An analysis of the craters on Bennu’s surface provides evidence that the rubble pile asteroid is protected from smaller impacts by the boulders scattered on the surface. Plus, the SLS Wet Dress Rehearsal, dwarf galaxies around M81, and this week in rocket history, we look back at the X-15 hypersonic plane.
Researchers using the Chandra X-ray Observatory have found that a known pulsar is moving through a supernova remnant at over one million miles per hour. Plus, the life and death of stars, new pictures of the Large Magellanic Cloud, and all of the SpaceX rocket launches.
Observations of V1674 Hercules reveal a nova produced by the white dwarf star that dimmed in only one day. Additionally, the strange star wobbles every 501 seconds, producing flashes in visible and X-ray light. Plus, more results from the 240th meeting of the American Astronomical Society, a farewell to SOFIA, and What’s Up is the June solstice.
Two seemingly unrelated stars, each with several exoplanets, turn out to be members of an enormous, diffuse star cluster. Plus, baby squid go to the ISS, new images from China’s Zhurong rover, a brightening blazar, and an interview with scientist Sophia Gad-Nasr and artist Cathrin Machin about how art and science work together.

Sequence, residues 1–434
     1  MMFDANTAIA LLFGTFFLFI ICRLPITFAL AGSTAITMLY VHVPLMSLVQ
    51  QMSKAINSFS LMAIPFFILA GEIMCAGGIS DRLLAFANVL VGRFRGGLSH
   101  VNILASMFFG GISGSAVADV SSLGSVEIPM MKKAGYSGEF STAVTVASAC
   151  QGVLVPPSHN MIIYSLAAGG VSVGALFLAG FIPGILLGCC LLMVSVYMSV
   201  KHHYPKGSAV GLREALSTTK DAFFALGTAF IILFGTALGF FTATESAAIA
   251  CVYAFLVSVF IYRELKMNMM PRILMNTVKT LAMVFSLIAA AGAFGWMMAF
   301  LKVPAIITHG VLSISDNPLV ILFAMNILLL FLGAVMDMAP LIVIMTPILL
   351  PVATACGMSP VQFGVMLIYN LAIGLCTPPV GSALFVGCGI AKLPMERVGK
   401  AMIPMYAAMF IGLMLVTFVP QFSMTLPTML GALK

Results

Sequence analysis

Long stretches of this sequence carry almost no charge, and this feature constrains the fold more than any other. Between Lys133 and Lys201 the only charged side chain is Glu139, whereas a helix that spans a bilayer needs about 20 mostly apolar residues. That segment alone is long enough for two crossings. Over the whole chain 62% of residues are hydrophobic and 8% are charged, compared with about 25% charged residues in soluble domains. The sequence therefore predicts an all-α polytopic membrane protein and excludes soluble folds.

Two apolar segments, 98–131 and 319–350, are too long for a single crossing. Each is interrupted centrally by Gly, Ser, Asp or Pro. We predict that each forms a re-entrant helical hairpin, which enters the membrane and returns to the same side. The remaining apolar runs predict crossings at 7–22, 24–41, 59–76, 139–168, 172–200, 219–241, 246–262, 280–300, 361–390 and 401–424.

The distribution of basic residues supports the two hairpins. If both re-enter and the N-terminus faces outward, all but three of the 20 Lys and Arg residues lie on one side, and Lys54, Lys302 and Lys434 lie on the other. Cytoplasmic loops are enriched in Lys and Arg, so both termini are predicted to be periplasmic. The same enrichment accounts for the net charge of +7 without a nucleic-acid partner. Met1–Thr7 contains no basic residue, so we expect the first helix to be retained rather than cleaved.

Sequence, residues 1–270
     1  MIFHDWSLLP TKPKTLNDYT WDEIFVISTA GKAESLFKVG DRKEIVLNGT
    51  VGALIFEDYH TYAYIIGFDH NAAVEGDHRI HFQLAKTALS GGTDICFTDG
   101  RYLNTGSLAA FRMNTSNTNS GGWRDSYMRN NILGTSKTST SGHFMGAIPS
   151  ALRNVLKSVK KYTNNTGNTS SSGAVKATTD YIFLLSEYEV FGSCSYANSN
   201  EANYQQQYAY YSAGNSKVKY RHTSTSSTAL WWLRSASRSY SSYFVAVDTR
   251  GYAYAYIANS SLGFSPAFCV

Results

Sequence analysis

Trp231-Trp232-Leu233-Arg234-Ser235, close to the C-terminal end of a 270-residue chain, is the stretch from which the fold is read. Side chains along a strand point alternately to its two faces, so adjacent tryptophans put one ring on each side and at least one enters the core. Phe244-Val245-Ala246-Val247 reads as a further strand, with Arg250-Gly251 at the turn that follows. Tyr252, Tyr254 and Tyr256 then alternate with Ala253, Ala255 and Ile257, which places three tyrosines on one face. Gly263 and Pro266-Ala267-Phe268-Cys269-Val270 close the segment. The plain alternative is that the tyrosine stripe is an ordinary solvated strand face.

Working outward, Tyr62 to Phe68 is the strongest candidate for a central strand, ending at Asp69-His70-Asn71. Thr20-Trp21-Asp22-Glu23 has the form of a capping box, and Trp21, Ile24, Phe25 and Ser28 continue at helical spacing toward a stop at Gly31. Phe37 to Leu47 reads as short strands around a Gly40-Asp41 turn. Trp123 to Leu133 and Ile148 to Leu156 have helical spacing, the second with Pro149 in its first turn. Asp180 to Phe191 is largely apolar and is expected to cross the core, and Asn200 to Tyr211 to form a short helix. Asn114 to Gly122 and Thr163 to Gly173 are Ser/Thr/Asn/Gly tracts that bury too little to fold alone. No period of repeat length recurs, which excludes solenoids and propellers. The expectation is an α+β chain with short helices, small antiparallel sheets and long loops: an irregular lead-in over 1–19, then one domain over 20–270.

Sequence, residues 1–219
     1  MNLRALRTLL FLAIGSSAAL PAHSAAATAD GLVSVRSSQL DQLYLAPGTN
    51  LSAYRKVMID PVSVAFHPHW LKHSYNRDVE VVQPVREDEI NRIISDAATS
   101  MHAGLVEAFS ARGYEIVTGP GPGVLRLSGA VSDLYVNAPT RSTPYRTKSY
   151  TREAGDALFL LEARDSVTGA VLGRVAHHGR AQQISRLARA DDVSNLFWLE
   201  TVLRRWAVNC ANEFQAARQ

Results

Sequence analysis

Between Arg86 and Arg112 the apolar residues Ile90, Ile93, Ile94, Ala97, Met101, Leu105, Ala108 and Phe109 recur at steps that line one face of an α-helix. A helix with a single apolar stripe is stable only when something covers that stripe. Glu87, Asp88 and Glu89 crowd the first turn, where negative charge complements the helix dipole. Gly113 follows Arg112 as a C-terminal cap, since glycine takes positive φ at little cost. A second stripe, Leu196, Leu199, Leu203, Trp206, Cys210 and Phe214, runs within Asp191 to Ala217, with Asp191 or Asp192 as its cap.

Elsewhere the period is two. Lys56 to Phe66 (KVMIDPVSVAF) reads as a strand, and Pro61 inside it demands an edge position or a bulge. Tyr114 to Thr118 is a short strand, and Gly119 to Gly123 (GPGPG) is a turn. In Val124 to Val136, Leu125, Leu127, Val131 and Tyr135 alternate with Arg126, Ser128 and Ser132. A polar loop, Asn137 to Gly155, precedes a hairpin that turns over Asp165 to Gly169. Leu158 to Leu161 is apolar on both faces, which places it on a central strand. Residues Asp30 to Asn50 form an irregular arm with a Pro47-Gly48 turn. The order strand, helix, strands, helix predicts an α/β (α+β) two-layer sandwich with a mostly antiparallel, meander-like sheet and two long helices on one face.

In new research, scientists examined the populations of stars observed by the Kepler and K2 missions and found that the solar systems were different depending on the type of star involved. Plus, CHIME results, a brown dwarf’s atmosphere, a stream of stars in the Milky Way, and an interview with PSI’s Dr. Candice Hansen about the recent Ganymede flyby of NASA’s Juno spacecraft.
The most precise measurements of the universe’s composition and growth have been reported in almost thirty new papers based on Dark Energy Survey observations of 229 million galaxies and covering one-eighth of the sky. Plus, stories from the first day of the AAS conference, all the volcanoes, and mission updates.